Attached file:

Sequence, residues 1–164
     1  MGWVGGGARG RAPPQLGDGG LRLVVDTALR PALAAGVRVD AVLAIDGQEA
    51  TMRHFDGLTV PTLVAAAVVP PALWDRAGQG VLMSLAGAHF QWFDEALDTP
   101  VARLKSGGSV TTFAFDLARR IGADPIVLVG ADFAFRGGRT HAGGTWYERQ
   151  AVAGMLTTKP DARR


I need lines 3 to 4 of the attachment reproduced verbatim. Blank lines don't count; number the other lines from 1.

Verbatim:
    51  TMRHFDGLTV PTLVAAAVVP PALWDRAGQG VLMSLAGAHF QWFDEALDTP
   101  VARLKSGGSV TTFAFDLARR IGADPIVLVG ADFAFRGGRT HAGGTWYERQ